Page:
What's in a toxic culture?
Company culture refers to the attitudes and behaviours of a company and its employees. It is evident in the way an organisation’s people interact with each other, the values they hold, and the decisions they make. Every workplace has the potential to become unhealthy, including remote offices. The development of a bad work culture doesn't happen overnight. Everyone who works for a given organisation contributes to their company culture. Individuals at any level in the organisation can create a toxic work environment through too much gossip, rumours, office politics, and micro-management. It can take only one person to spread dysfunction throughout your company regardless of its size. So what's in a toxic work culture? Here are some things to look out for:
One of the biggest warning signs of a toxic work culture is high employee turnover rate within an organisation. Toxic cultures have been shown to drive people away. When employees are leaving left, right, and centre, word of mouth travels quickly, and the company's negative reputation hinders recruiting future talents. A recent survey suggests that toxic company culture is the number one reason why employees are quitting their jobs. To understand the reasons behind high employee turnover, some companies ask people during exit interviews on their reasons for leaving, or conduct employee engagement surveys to gauge why people stick around.
No DEI policy
Companies now recognise that if they don't implement an effective policy on diversity, equality, and inclusion to recruit, hire, and retain employees, toxic cultures will likely thrive. Racism, discrimination, and lack of fair access to career opportunities prevent under-represented or marginalised groups, including women, people of colour, people from the LGBTQ community, and people with disabilities from feeling safe and valued within the company that they work for. When a workplace has explicit policies on DEI, more people feel comfortable coming forward when they see discrimination happening, whether they are on a hiring committee or watching a colleague make insensitive remarks. Today, DEI policy is seen as a competency and an asset. It must involve employees at every level of an organisation to truly be effective. Diverse and inclusive workplaces earn deeper trust and more commitment from their employees. Good DEI practices make everyone, regardless of who they are or what they do for the business, feel equally involved in and supported in all areas of the workplace.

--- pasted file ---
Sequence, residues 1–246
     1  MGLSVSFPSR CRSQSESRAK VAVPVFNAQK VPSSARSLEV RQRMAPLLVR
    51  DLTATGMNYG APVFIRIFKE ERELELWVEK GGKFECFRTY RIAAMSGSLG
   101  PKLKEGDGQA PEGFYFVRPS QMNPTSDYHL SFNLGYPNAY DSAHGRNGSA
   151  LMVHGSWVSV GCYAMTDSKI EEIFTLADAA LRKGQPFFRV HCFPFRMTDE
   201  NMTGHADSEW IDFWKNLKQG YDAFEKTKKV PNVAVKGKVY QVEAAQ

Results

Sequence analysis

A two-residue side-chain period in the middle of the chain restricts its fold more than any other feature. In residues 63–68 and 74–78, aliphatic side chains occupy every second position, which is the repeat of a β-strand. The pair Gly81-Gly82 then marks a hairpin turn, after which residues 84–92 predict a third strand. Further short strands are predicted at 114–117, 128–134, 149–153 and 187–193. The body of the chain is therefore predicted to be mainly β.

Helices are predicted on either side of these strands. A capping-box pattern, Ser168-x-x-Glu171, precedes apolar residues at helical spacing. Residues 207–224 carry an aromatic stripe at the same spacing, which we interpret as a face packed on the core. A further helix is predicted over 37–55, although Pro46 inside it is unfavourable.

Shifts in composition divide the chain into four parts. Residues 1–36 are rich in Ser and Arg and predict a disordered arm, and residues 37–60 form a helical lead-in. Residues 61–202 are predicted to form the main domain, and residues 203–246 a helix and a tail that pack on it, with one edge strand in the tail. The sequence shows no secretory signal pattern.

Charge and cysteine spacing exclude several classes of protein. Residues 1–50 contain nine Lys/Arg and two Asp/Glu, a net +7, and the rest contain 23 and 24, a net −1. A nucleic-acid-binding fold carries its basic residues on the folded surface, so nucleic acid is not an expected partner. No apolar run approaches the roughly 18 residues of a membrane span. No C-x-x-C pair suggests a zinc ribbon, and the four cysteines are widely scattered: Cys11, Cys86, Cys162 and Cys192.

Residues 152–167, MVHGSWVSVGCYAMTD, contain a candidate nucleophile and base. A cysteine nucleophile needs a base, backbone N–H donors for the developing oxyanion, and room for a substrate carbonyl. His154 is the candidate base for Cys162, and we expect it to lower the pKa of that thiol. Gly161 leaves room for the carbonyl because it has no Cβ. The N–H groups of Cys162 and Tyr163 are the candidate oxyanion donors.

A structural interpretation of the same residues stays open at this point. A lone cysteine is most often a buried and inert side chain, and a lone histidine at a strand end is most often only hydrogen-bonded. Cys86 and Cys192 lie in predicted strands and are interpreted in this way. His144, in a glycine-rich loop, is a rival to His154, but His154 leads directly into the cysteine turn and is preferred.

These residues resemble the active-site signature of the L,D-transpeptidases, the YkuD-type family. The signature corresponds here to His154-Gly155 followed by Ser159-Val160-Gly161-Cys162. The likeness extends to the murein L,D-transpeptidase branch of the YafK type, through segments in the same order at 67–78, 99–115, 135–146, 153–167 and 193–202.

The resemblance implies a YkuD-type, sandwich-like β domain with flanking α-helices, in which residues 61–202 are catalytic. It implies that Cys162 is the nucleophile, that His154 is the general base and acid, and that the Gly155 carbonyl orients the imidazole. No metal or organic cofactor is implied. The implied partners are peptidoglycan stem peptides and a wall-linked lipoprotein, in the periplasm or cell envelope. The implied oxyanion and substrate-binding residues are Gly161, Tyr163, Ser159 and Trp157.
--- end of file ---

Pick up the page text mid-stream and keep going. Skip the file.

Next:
No trust and psychological safety
One of the most straightforward signs of a toxic work culture is when employees are afraid to speak their mind, make mistakes, or be authentic. When there is no trust or psychological safety, employees often feel that they don’t have a voice and are afraid to raise concerns. This leads to inefficiency, as problems are less likely to come to light. When people are punished for making honest mistakes, they start to hide their mistakes, which can create bigger problems in the future. When team members are scared to speak their minds or make mistakes, innovation suffers, and the business becomes less competitive. In addition, if employees feel like they cannot speak up or try new things at work without the fear of repercussions, eventually they will get sick of walking on eggshells and take their voice and ideas elsewhere.
Absent of company core values
Company core values are principles, views, belief, and philosophies that an organisation hold as a foundation to help guide how the business operates. They are useful for guiding the behaviours and experiences of employees, defining how people should work with each other, as well as how they should behave toward clients, partners, and the wider community. Think of it like a compass, guiding your company towards the north star. Without it, offending behaviour is accepted and unwanted subcultures will form. In other words, the expectations around what behaviour is acceptable have not been defined. This can worsen when leadership fails to follow company core values as team members often look to their managers for direction. Organisations that succeed are the ones who empower their people to make the right decision based on the company’s core values, whether or not the leadership team is around.
A toxic work culture can have profound long term negative impacts on individuals as well as the business. Your culture is a living thing. It needs work to grow and flourish. For individuals to act right, the organisation need to listen to and value its people, implement a sound DEI policy, provide trust and psychological safety, and clearly communicate its core values and beliefs. If you don't intentionally work to create a culture that empowers your people, a default one takes reign and it is usually a toxic one.